Norm Vaughan, Charles Graham,Charles Dziuban and Vitor Duarte Teodoro
The focus of this special issue of the International Journal of Educational Technology in Higher Education is on blended approaches to learning and teaching in higher education. It provides readers with current research and strategies to support a blended approach to learning and teaching at the course, program, and institutional level in higher education.
This issue contains the following four articles:
“Blended learning: The new normal and emerging technologies”, by Charles Dzuiban, Charles Graham, Patsy Moskal, Anders Norberg, and Nicole Sicillia;
“Integrating MOOCs in traditionally taught courses: Achieving learning outcomes with blended learning”, by Antonia Bralic and Blazenka Divjak;
“Seeking the best blend for deep learning in a flipped classroom: Viewing student perceptions through the Community of Inquiry lens”, by Ingrid le Roux and Lynette Nagel;
“Supporting decision-making processes on blended learning in higher education: Literature and good practices” review by Alvaro Galvis.
To begin, each of these four manuscripts discusses the challenges of defining blended learning in higher education. The article Blended learning: The new normal and emerging technologies by Dzuiban et al. (2018) describes the definitional continuum that ranges from Oliver and Trigwell’s (2005) critique of blended learning as being a vague concept to Sharpe et al.’s (2006) notion that the definitional latitude of blended learning is what enhances it’s contextual relevance. Galvis (2018), in his Supporting decision-making processes on blended learning in higher education: Literature and good practices review, adds that blended or bLearning is a multidimensional concept that allow distinct stakeholders to create different blends in their effort to transform educational practices that get the best from both face-to-face and virtual modalities.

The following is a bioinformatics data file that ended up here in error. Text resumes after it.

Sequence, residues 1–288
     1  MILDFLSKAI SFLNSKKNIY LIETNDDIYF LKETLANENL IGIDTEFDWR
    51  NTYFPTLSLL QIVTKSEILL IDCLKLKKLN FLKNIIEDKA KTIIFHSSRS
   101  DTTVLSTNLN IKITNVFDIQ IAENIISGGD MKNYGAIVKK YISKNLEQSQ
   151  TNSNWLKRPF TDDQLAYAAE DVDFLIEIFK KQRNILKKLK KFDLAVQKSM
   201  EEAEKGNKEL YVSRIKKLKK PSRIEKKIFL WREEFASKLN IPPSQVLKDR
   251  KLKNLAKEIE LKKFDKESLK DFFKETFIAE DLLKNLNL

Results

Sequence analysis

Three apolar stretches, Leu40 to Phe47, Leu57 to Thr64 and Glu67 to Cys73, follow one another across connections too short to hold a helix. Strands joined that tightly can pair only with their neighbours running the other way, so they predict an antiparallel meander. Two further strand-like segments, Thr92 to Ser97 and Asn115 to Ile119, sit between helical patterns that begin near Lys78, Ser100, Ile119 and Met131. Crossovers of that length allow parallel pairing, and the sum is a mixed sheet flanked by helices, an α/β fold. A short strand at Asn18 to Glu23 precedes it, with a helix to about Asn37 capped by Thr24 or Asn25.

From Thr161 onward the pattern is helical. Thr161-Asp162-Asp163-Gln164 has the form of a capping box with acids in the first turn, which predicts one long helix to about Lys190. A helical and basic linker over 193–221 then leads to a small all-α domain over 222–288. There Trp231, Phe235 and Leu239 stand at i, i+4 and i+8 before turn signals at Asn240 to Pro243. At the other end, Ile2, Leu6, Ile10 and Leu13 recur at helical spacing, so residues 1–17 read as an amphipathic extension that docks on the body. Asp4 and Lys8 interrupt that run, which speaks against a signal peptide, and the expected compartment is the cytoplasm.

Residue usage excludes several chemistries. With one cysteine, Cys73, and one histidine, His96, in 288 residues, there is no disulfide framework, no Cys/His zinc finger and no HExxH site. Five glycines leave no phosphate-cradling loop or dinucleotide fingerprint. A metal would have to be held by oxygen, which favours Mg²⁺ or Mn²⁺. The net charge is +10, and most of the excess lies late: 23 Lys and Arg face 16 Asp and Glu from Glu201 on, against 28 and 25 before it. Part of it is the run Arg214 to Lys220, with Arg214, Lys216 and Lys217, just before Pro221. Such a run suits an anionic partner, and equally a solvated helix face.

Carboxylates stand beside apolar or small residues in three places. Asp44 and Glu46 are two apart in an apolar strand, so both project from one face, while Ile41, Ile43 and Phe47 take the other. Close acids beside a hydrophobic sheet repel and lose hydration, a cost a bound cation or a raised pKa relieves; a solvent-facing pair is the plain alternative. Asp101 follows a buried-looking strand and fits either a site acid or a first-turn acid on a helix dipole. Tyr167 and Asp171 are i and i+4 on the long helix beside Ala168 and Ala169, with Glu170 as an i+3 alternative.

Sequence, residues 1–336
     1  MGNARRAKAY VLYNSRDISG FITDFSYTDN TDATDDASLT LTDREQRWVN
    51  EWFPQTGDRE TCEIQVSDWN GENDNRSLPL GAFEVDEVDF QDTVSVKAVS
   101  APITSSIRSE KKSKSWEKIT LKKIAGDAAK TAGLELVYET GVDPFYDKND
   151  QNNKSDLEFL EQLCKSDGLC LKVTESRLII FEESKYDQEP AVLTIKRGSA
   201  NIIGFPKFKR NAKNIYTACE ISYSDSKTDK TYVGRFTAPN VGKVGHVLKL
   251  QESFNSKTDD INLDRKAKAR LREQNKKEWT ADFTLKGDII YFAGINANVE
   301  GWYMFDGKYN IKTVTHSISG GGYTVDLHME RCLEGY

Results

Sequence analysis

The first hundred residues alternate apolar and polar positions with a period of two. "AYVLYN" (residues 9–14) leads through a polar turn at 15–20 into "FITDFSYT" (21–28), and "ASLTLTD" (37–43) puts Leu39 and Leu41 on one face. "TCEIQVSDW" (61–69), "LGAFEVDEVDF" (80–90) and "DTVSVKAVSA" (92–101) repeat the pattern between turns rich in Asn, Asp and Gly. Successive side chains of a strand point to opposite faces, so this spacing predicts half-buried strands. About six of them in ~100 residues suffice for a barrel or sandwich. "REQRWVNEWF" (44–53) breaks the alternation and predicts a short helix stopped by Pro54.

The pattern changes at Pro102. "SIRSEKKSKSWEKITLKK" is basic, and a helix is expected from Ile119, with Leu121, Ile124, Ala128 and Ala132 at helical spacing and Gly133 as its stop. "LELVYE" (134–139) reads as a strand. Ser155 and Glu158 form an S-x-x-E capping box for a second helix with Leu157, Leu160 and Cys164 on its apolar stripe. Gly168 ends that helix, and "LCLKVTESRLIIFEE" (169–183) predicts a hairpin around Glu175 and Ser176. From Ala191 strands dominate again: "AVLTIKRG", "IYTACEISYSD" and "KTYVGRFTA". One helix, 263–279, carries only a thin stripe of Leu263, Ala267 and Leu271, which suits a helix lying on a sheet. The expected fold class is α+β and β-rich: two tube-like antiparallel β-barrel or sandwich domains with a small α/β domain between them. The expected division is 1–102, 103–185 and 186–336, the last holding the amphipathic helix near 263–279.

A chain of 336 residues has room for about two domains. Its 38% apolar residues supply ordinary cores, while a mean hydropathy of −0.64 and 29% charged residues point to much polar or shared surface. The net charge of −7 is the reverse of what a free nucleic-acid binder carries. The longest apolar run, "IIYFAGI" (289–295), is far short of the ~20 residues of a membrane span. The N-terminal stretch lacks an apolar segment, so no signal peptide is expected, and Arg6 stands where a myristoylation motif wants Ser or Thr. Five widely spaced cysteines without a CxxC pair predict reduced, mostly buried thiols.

Each article offers a specific definition or approach to blended learning. For example, the Dzuiban et al. (2018) study focus on the United States Department of Education approach to blended learning involving “a combination of online and in-class instruction with reduced in-class seat time for students” (Lewis and Parsad, 2008, p.1). Bralic and Divjak’s (2018) research involves the integration of a Massive Open Online Course (MOOC) with a campus based course where students have the option of participating in a MOOC rather than completing project work. The article by le Roux and Nagel (2018) involves a flipped classroom. The authors indicate that this is a type of blended learning that reverses the traditional learning environment by delivering instructional content, often online, outside of the classroom. It moves activities, including those that may have traditionally been considered homework, into the classroom. In this study, students watched content videos online, outside of the classroom, with in-class time focused on seminars that followed a Harvard-style case method. Galvis (2018) emphasizes the importance of aligning strategic and tactical decisions in order to integrate the face-to-face and virtual modalities in a bLearning multidimensional educational model.